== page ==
Against this background, we developed domain-specific teaching standards for the teaching of literature in upper secondary school (grades 10-12). To ensure that teachers would be able to identify with the standards, we decided to give them a say in determining which key competences an excellent literature teacher should possess. Six fields of competences in literature teaching that could be measured using reliable scales were identified. There was a moderate to high correlation between all the scales and all correlations are significant (p<.01), indicating that the dimensions are strongly related and are likely to point to an underlying concept of what constitutes an excellent literature teacher.
We agree with Hattie (2009) that teachers need to be aware of the visibility of learning from the student perspective in order to better understand the students’ experience of learning. Therefore, we also investigated the pupil perception of what constitutes an excellent literature teacher. Here we also found six reliable scales which correlated strongly with each other.
The twelve scales correspond to and complement each other. This allows us to develop domain-specific standards for literature teaching. Our eventual goal is to develop a model for teacher-organized professional development. By bringing together individual scores on the standards from across the country, it is possible to identify developmental benchmarks and to gain insight into teacher needs regarding professionalization. Teacher training institutes can use these to tailor their programmes. With this approach, we hope to create new momentum in the professional development of teachers.
Day, C. & Sachs, J. (2004). Professionalism, performativity and empowerment: Discourses in the politics, policies and purposes of continuing professional development. In: C. Day & J. Sachs (eds) (2004). International Handbook on the Continuing Professional Development of Teachers (pp. 3-32). Maidenhead: Open University Press, McCraw-Hill International.
Hattie, J. (2009). Visible Learning. A Synthesis of over 800 Meta-analyses Relating to Achievement. London and New York: Routledge.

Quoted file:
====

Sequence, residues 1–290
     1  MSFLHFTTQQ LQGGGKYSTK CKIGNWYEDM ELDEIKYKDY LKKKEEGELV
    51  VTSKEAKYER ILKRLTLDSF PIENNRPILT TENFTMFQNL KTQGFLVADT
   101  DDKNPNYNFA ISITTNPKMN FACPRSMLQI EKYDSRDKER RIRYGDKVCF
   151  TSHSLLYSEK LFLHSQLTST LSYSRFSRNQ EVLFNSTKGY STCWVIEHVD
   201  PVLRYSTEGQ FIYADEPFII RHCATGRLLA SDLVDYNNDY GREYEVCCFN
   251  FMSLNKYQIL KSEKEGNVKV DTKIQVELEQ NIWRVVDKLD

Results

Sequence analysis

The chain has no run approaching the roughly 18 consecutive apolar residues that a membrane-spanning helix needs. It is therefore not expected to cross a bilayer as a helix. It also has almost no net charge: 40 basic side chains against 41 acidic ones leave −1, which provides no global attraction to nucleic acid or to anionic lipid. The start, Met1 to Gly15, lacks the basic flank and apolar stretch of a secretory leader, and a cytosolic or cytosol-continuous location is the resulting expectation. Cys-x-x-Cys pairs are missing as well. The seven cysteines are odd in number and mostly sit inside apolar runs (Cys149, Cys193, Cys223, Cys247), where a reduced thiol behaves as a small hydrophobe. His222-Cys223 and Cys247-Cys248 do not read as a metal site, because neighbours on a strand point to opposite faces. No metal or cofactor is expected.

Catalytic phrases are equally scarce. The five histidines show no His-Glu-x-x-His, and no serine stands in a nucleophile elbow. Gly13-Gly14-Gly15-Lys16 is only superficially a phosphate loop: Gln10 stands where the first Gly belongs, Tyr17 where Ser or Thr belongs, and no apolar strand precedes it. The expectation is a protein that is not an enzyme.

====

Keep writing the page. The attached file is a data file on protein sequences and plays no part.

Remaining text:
Kennedy (2014). Models of Continuing Professional Development: a framework for analysis. Professional Development in Education, 40, 3, 336-351.
Sachs, J. (2011). Accountability, standards and teacher activism: an unholy trinity or the way for the profession to shape the future. Paper presented at the Post Primary Teachers Association (PPTA) Conference. April 18‐20, 2011. Wellington, New Zealand.
IMEN revisited: Comparing Mother Tongue Education in pre-academic education (grades 10-12)
Abstract: Since their foundation in 1983 the IMEN (International Mother Tongue Education Network) carries out international comparative research on mother tongue education (e.g. Herlitz, Ongstad, Van de Ven, 2007). Comparing mother tongue teaching will enable educationalists to break through the limitation imposed on their judgement by national traditions and political interests, to look to their own, familiar, culture-specific mother tongue education system from a distance. This distance is required during the development or revision of the curriculum.
At this time, in the Netherlands, the minister of education started a national debate about the curriculum of the future: #Education 2032. This of course also includes, a new curriculum for mother tongue education. We1) are closely involved in this discussion. Key discussion points include the function of grammar and literature in the curriculum, the need for more Bildung, language awareness, the connection between the school subject and academic discipline, etc. However, our debate and reflections on our experiences hardly crosses the borders of our boundaries.
An international discussion will enable educationalists to consider and evaluate developments and innovations abroad within their cultural and institutional context. An international discussion could create also insight into the interdependence of the teaching of the mother tongue, and in general tendencies. The IAIMTE-website is proposed to monitor on a global scale (ca 1000 words) the debate, contents and variation within the secondary school subject of mother tongue education. In this round table we will discuss a format by which we can describe and compare curricula of the mother tongue for a certain school type. We will start with upper secondary, pre-academic education (grades 10-12 in the Netherlands) and are looking for participants.
Herlitz, W., Ongstadt, S. & Van de Ven, P-H (Eds.) (2007). Research on mother tongue education in a comparative international perspective. Theoretical and methodological issues. Utrecht Studies in Language and Communication 20. Amsterdam, New York: Rodopi B.V.
1) Peter-Arno Coppen (Radboud University, Nijmegen), Kees de Glopper (University of Groningen), Erwin Mantingh (University Utrecht), Jaap van Marle (Open University, Heerlen), Anneke Neijt (Radboud University, Nijmegen), Jan Oosterholt (Open University, Heerlen), Theo Witte (University of Groningen).